- The advertising research tab, which contains information primarily about paid advertising the site is running or has been running historically.
- The PLA research tab, with information about Google product listing ads, if the site uses them for anything.
- The video advertising tab, with information about videos the site has posted or hosted.
- Other primary categories, including one focused entirely on keyword research and one focused on lead generation, though these are less useful for guest post target analysis.
The only downside is that you can’t click around all that much without encountering the SEMRush rate filter, which cuts you off after something like 5 or 10 “requests”, which can be tabbing between two sections and back a couple of times. You can fill out their free account to get 10 extra requests per nebulous period, or you can shell out for one of their subscriptions. I don’t mind their subscription service, but again, it’s overkill for what you need when researching targets.
What SEMRush is for SEO, BuzzSumo is for social. It’s the ultimate in quick social media analytics. Plug in the URL for the site and it will bring forth a list of the top performing content on the site, as ranked by sheer number of social media shares. It doesn’t preference one type of share over another, so one article getting a bunch more Twitter retweets than another can push that one over the top. However, it does show you a great deal of information.
The easiest takeaway from this site is just the scale. How many total social shares is the site getting? Something like Forbes gets 400,000 shares on a top-tier post. Moz gets 10,000 or so for their top posts. A new site that is still growing may only get 50-100. Beyond that, you can use it to get an idea of what kinds of content perform the best on the target site, so you can try to reach the same kind of content with your guest post. The more closely you can reach their audience, the better your post will perform, to the benefit of all involved.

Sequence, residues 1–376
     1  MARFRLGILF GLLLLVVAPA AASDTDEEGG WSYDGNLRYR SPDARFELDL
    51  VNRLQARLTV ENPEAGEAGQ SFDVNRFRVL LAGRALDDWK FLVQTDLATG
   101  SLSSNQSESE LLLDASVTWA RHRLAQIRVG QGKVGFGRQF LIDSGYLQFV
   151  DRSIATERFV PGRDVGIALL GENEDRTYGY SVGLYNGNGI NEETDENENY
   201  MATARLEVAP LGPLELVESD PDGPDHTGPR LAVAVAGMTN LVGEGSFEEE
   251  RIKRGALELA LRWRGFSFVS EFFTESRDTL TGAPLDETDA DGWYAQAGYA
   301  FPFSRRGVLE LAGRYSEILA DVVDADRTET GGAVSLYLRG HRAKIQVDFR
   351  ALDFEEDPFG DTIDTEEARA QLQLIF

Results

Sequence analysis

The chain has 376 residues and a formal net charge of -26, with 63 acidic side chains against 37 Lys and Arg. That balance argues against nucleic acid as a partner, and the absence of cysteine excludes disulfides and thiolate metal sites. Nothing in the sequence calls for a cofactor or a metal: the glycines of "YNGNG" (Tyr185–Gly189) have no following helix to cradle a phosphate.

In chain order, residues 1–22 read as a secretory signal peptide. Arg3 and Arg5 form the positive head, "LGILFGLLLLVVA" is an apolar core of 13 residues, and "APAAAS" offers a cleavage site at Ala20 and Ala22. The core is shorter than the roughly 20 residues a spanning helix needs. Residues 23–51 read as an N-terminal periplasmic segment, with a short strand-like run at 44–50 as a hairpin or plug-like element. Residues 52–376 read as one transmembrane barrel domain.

You can apply a bunch of different filters to the list as well. You can show only data from the past day, week, month, half-year, or year, or even a specific date range. You can show only content in specific languages, from specific countries, or from specific domains. You can even filter by specific types of content, like article, infographic, and interview.
Obviously, there are a lot of additional features here, most of which are either not important for your purposes or are hidden behind the paywall. As with the other tools above, it’s overkill for the task of simple research, but can be exceedingly useful in all sorts of content outreach. A BuzzSumo Pro account runs $80 per month for the cheapest package, though, so it’s not necessarily worth it unless you know what you’re getting and know how to use it.
One final metric you can check to see how large or robust the site in question is, is their own native engagement. By this, I primarily mean their blog comments. What comments system do they run, or do they hide their comments? Do they get comments, and if so, how well moderated are they? Do they frequently respond, or do they only respond to a few choice comments, or do they not respond at all? Are the comments left insightful, or are they the kind of generic garbage you view as simple filler?
You can learn a lot about a site by the comments they get, and by the volume and the moderation thereof. More comments and more moderation indicates a larger site.